The government's effort to escape the constraints of law was wrong in the panicked days immediately after 9/11; that our gulag remains open 12 years later is simply evil.

There are still more than 160 men held at by the United States at Guantanamo. The majority have been "cleared for release" -- many for several years. But still they remain incarcerated while the Obama administration dithers. At various times over the last year, over 100 have been on hunger strike, willing to die if that is the only way achieve freedom. The U.S. military force feeds prisoners and, of late, has begun to refuse to disclose whether the hunger strike continues. The purpose of Guantanamo has always been to disappear the inmates at the pleasure of their captors; that vile purpose continues.

Shaker Aamer is the last remaining prisoner with close ties to the United Kingdom. Though he was born in Saudi Arabia, he was a legal British resident. While working for an Islamic charity in Afghanistan in 2001, he was captured by Afghans and sold to US forces as a suspicious Arab. The British legal group Reprieve reports what happened to him in a US prison near Kabul.

Forced to stay awake for nine days straight and denied food, he dropped 60 pounds in weight. US personnel would dump freezing water on him. This treatment, combined with the bitter Afghan winter, caused Shaker’s feet to become frostbitten. He was chained for hours in positions that made movement unbearable, and his swollen, blackened feet were beaten. He was refused the painkillers he begged for.

Shaker began to say whatever the US wanted, whether it was true or not. Satisfied with confessions made by a man desperate to end his torture, the US military transferred Shaker to Guantánamo Bay in February 2002. Despite the hardships he has endured, Shaker remains the kind and supportive man he was when he was captured, with a reputation for looking out for his fellow prisoners.

When the military police beat up a prisoner while he was praying, Shaker initiated the first hunger strike at Guantánamo. …

Although Aamer has been cleared for release under both the Bush and Obama administrations, he remains in the prison, on hunger strike. Last week the Guardian published a letter from Aamer:

The language that they use here at Guantánamo reflects how they treat us prisoners. Just the other day, they referred to me as a "package" when they moved me from my cell. This is nothing new. I have been a package for 12 years now. I am a package when en route to Camp Echo, the solitary confinement wing. I am a package en route to a legal call. "The package has been picked up … the package has been delivered."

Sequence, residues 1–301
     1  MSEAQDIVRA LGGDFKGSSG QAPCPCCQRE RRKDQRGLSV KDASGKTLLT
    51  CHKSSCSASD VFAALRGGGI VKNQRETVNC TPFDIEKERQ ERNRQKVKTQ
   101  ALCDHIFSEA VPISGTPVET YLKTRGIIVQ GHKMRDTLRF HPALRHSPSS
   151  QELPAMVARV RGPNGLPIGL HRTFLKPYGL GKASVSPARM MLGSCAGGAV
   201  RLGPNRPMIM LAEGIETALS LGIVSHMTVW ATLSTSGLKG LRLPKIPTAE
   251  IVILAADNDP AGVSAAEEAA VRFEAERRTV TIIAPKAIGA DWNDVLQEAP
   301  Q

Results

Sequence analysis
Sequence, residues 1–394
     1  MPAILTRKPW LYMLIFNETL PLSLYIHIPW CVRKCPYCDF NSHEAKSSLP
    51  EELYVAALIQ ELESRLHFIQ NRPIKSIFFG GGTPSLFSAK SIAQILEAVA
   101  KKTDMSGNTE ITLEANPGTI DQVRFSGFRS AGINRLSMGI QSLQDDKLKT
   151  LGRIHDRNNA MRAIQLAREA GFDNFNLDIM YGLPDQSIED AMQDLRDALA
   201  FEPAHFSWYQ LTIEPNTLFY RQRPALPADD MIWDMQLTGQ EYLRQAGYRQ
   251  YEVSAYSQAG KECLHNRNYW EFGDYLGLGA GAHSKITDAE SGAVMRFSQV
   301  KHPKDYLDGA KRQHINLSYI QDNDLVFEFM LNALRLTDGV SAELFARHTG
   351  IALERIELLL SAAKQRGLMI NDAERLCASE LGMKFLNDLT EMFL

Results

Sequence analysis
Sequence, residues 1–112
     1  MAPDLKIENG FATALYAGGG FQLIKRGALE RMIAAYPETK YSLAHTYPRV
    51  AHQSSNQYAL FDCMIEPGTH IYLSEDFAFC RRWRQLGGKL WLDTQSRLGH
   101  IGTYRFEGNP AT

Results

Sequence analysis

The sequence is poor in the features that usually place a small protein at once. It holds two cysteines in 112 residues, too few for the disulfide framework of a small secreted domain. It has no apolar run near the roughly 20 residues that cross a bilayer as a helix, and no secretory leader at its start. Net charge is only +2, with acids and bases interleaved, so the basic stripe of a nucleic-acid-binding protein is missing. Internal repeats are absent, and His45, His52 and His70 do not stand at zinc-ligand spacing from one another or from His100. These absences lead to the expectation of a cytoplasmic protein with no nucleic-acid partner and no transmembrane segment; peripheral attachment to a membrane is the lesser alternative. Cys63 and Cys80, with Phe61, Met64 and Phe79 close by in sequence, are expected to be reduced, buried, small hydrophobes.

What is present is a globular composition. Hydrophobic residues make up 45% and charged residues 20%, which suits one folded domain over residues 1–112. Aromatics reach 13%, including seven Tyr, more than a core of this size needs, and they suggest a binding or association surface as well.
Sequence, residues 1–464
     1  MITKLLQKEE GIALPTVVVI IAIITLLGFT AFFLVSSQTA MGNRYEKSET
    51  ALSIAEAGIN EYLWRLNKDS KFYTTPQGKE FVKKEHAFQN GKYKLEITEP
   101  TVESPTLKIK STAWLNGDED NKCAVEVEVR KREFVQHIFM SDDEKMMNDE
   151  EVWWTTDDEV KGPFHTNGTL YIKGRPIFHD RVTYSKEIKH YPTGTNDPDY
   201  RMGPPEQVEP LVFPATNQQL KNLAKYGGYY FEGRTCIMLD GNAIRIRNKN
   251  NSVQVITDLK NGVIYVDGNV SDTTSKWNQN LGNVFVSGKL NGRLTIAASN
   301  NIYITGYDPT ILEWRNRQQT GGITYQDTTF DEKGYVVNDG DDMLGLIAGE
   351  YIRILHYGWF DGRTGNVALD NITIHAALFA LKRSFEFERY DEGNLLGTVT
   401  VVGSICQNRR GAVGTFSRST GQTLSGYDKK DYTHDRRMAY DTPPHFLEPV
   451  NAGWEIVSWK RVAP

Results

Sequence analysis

It is not enough that we are called packages. At best, we are numbers. I worry that when I come home that my children will call for "Daddy", and I will sit unmoving. I am 239. I even refer to myself as 239 these days. I am not sure when I will ever be anything else. It is much easier to deny human rights to those who are not deemed to be "human".

I have been reading the Universal Declaration of Human Rights (UDHR) so I could mark it with the violations the US government commits against us in this facility at Guantánamo Bay. I have been studying each article and on virtually every occasion I have noted how the US military is doing the opposite. …

Code Pink shared a further statement from Aamer on the occasion of the 12th anniversary of our gulag.

Today is the twelfth anniversary of the establishment of Guantánamo Bay. It has been a blot on the reputation of America, and will remain that until, first, it is closed, and second, lessons are learned from it that can help prevent any repetition in the decades to come.

It will soon be 12 years that I have been in Guantánamo. I arrived on the day my youngest child Faris was born (February 14th, 2002). Even then, I had already spent some two months in US captivity, undergoing terrible mistreatment. Those are twelve years that are lost to me forever.

What I have missed most has been the opportunity to do my part to fill up my four children’s reservoir of love. The early years of a child’s life is a parent’s best chance to show them what love is, before they become more distant with approaching adulthood. Losing this, my opportunity and obligation, is my greatest regret.

However, we must look forward, rather than backward. …

I must say one thing to people out there about January 11: My biggest fear is that someone will do something stupid on the anniversary. When anyone does something wrong on the outside, we on the inside have to pay the price for it. When there was that incident in Yemen, the Americans banned the Yemenis from going home – even though it had nothing to do with the Yemenis here in Guantánamo Bay. I am grateful to those who support us. But if anyone wants to demonstrate on our behalf against the black stain that is Guantánamo, please do it in good faith and good humour, and above all practice no violence.

As a British resident, it is not surprising that Aamer speaks fluent English. I wonder what others in Gitmo would say?

The foul atrocity against the rule of law that is Guantanamo should never have begun and must end.

Saturday, January 11, 2014

A bishop: famous and notorious